"Till this hour, and for more than forty years, we may consider that we have been wanderers in the wilderness, though not, as I trust, without the Ark being with us in our wanderings, which is henceforth to find a habitation and a resting place.
"It is pleasing also to reflect that--as in the erection of the first temple, and in the more memorable foundation of the Christian Church--the period chosen for our solemn dedication is one of universal peace. Our country, in the full career of her high and honourable destiny, respected among the nations of the world for her piety and for her charity, as she has been in the day of trial, with the blessing of God, in her martial achievements.
"It has been said that the sun never rises nor sets upon Englishmen; and wherever it shines upon them, whether in the temperate or the torrid zone, by sea or by land, may they never forget the hand that has hitherto conducted them through perils; or, that they are engaged in the service of Him who has promised to those who faithfully serve Him, to be with and sustain them always, and to build His temple in their hearts.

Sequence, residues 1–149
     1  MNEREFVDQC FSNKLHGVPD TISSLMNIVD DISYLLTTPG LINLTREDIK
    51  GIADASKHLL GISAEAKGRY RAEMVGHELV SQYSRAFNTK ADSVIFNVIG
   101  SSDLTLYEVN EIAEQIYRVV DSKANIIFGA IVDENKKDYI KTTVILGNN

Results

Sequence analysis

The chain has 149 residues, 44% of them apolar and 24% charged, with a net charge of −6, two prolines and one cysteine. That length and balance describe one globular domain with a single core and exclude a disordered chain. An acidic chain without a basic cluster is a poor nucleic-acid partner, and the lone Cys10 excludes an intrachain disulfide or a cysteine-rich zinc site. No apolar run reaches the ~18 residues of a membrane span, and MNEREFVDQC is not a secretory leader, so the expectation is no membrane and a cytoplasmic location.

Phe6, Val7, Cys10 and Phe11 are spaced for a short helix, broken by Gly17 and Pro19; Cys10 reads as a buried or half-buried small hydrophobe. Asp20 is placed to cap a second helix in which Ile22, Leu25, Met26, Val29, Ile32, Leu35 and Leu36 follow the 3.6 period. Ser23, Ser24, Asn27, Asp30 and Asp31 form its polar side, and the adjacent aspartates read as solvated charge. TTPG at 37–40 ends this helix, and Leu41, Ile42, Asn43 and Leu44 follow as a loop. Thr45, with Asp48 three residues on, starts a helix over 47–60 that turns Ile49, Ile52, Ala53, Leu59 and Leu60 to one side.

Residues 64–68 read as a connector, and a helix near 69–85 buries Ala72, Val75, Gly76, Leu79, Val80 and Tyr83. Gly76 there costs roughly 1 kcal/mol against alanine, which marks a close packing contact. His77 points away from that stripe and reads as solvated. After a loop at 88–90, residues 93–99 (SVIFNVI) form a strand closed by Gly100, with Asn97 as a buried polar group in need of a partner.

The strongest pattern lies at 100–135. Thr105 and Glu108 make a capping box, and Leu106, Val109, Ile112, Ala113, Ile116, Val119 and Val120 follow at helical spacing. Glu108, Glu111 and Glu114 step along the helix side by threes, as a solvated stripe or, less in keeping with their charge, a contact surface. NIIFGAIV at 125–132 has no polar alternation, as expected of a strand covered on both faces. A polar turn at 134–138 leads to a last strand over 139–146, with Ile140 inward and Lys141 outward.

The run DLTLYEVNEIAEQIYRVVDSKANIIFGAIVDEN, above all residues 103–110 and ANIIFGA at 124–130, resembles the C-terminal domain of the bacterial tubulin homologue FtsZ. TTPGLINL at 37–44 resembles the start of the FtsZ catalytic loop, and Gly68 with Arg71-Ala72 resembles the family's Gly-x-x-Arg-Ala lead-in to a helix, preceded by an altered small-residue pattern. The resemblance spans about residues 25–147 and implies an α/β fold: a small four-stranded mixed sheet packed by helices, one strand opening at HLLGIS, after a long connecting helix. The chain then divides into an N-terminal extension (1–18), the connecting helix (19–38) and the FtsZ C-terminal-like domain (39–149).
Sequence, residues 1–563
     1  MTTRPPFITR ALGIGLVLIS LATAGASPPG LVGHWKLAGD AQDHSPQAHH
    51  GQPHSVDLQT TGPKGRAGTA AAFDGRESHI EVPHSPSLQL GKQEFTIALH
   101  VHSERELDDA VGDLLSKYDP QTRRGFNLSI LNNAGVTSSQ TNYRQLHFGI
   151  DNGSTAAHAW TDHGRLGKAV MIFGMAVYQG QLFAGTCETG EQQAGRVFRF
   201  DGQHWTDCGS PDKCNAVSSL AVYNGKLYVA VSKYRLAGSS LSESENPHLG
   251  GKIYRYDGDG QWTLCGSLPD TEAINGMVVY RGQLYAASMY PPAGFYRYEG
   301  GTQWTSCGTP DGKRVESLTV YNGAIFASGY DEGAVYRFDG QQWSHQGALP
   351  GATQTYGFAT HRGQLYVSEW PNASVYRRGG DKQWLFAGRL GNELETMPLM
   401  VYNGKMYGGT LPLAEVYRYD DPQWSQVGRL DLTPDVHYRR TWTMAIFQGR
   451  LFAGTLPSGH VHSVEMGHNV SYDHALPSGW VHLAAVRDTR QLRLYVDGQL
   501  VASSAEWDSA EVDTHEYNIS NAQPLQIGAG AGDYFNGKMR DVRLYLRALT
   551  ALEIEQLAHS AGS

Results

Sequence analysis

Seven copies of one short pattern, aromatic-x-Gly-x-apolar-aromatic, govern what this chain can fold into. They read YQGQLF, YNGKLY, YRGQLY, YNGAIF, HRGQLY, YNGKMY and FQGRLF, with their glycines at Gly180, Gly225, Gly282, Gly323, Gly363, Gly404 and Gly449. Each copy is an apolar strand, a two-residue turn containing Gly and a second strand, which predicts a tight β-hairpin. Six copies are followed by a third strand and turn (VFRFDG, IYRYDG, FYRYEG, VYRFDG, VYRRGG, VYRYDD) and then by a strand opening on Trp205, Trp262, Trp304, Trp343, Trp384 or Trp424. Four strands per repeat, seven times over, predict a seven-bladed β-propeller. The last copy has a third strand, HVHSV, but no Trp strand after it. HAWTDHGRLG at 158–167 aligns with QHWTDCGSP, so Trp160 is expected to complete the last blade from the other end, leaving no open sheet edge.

"It has been my lot to visit many regions where Englishmen have lived and died, far remote from the sepulchres of their country and from the sense of desolation to which the impression has often given rise, it is to me an especial consolation to witness in the latter part of my life, the growing expansion in the east and in the west of our ancient and venerable Church, destined, as I believe, by the Providence which watches over us, and sanctifies our labours, to-sustain her part in the spread of the gospel, the herald of 'peace on. earth, and good will towards men.'
"The occasion may not inappropriately suggest to our minds the words of the Prophet:
"'Behold, I lay in Zion for a foundation a stone, a tried stone, a precious corner-stone, a sure foundation.
"'Judgment also will I lay to the line, and righteousness to the plummet.'"--Isa. xxviii. 16, 17.
The Lord Bishop then spoke to the following effect:
"Sir William Colebrooke, and Gentlemen: